- The Washington Times - Tuesday, September 9, 2008

An open letter

“Dear Hillary, Where are you? We haven’t heard from you since your strong and eloquent speech at the Democratic National Convention. … We need your voice to speak for all the women (and there are many of us) who are angry at the assumption that, just because Sarah Palin is female, we will fall in line behind her.

“We need you to make clear that women do not automatically judge someone because of gender; we are more concerned with the quality of their character and the depth and breadth of their experience. …

“We respect the right of other women to raise and educate their children the way they see fit. We also respect their right to make their own child-bearing decisions with no interference from the rest of us. We ask for that same respect in return. We don’t want the government in our homes or our wombs. It is, in the simplest sense, a respect for privacy, a word vehemently used by the Republican Party in reference to Sarah Palin’s family. But it’s not just families in the public eye who deserve privacy; we all do. …

“Certainly, those of us who watched the Republican convention saw a woman who knows how to throw zingers. But few of us, if any, were encouraged by that. America is in trouble. We need hope, we need solutions, we need dignified, compassionate leadership. If we want zingers we’ll turn on Comedy Central.”

Patti Davis, writing in “What Hillary Should Say Now” in Newsweek.com on Sept. 5

On religion

“As the presidential race enters its final phase, where do things stand on the religion front?

“The Democrats in general and the Obama campaign in particular have made a fair showing that they are not the anti-faith party. Given that Americans have grown a bit leery of mixing religion and politics, the party of Jefferson, Jackson, and Obama is pretty well attuned to the country’s current mood: faith by all means, but nothing too intrusive. On the constituency front, African Americans, Latino Catholics, non-Judeo-Christians, and Seculars are fully locked up, while Jews are a less iffy proposition than they seemed to be a week ago. The big question mark has to do with Mainline Protestants.

“As for the Republicans in general and the McCain campaign in particular, the evangelical base of the party now seems locked and loaded …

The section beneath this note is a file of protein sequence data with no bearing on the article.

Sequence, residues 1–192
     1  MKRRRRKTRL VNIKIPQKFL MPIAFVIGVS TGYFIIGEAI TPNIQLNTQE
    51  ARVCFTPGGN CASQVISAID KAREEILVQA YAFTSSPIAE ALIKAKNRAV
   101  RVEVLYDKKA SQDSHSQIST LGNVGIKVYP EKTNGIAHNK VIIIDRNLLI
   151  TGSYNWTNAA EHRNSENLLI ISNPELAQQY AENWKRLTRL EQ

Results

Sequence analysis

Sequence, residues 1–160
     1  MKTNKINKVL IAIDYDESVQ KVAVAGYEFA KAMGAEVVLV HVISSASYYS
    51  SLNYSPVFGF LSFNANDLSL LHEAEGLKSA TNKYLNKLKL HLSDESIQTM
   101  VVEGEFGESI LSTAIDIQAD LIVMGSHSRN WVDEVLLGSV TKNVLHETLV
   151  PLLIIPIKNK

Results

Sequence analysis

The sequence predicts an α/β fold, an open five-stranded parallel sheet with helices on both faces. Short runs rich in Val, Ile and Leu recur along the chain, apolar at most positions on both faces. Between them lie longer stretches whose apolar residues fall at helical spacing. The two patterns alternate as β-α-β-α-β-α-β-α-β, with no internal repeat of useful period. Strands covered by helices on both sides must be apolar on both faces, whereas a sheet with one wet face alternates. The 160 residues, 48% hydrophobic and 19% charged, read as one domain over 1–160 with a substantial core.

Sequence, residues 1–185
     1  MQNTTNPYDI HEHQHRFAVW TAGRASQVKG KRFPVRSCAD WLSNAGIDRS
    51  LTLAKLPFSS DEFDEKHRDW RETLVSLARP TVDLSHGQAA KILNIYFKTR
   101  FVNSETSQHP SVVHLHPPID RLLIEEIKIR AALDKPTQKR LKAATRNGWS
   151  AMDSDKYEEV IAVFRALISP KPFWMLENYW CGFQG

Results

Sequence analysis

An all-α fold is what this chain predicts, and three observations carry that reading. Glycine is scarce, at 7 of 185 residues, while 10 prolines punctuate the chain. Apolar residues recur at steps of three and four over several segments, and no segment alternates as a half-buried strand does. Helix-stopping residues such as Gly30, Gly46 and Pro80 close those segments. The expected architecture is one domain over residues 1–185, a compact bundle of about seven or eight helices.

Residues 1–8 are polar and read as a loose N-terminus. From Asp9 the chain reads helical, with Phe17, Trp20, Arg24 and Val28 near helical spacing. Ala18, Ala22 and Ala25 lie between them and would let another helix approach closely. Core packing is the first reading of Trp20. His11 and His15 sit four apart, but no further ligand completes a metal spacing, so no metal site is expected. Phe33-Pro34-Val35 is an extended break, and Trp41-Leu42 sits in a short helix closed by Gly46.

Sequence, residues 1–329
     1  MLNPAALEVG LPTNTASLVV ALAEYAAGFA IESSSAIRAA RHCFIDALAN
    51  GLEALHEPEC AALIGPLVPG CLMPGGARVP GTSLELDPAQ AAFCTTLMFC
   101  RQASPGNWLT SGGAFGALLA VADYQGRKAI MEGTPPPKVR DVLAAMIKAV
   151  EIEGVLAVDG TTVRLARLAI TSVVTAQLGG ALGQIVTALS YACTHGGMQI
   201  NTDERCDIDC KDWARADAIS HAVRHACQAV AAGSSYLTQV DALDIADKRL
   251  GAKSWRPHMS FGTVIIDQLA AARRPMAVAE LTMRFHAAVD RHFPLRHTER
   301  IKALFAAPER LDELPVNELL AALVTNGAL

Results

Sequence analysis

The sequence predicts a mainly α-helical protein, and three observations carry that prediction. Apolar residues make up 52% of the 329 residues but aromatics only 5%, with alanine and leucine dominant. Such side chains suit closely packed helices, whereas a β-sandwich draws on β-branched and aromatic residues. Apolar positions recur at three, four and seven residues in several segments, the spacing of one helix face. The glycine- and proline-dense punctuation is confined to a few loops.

“As [the New York Times’] David Kirkpatrick points out … on NPR’s “Fresh Air” [Sept. 4], McCain and company have been hard at work since June cultivating evangelical leaders; in this regard, the choice of Palin is the culmination of an ongoing effort than a bolt from the blue. And, as Kirkpatrick very importantly points out, McCain has never been the opponent of the religious right that the main narrative - based as it is on his ‘agents of intolerance’ remark in South Carolina, holds. Otherwise, the Palin appointment weakens McCain’s ability to peel off Jewish voters …

“What about non-Latino Catholics? My sense is not so much that they are up for grabs as that they will simply mirror the electorate as a whole. The ordinary Americans.”

Mark Silk, writing in “The Home Stretch” in Spiritual Politics on Sept. 5

Hockey vs. soccer

“How do hockey moms compare with soccer moms?

“They probably have to pay a good deal more to get their kids on the ice; for example, [an] Anchorage-based team charges preteen players $1,850 a year in fees. … They may also have to wake up earlier, too; because ice time is limited, many teams are forced to have practice hours before school starts. Hockey partisans on the Internet … also claim that hockey moms are a bit more intense than their soccer counterparts, both in terms of the commitments they make to the sport and the intensity with which they cheer their kids. …

“The soccer moms have the hockey moms outnumbered by a wide margin nationwide. U.S. Youth Soccer, which covers a smaller percentage of youth teams than USA Hockey, claims a total membership of more than 3.1 million players. In swing states like Florida, Ohio, Colorado, and Pennsylvania, the figures aren’t even close, with anywhere between seven and 20 times as many soccer players as hockey players.

“But there are two competitive states where hockey moms may rival soccer moms for political importance: Minnesota and Michigan. [Sarah] Palin should expect a favorable reception to her hockey bona fides in the North Star state, home to 44,500 youth hockey players and one of the nation’s largest concentrations of hockey-playing girls.”

Jacob Leibenluft, writing in “Hockey Moms vs. Soccer Moms” on Slate.com on Sept. 4.

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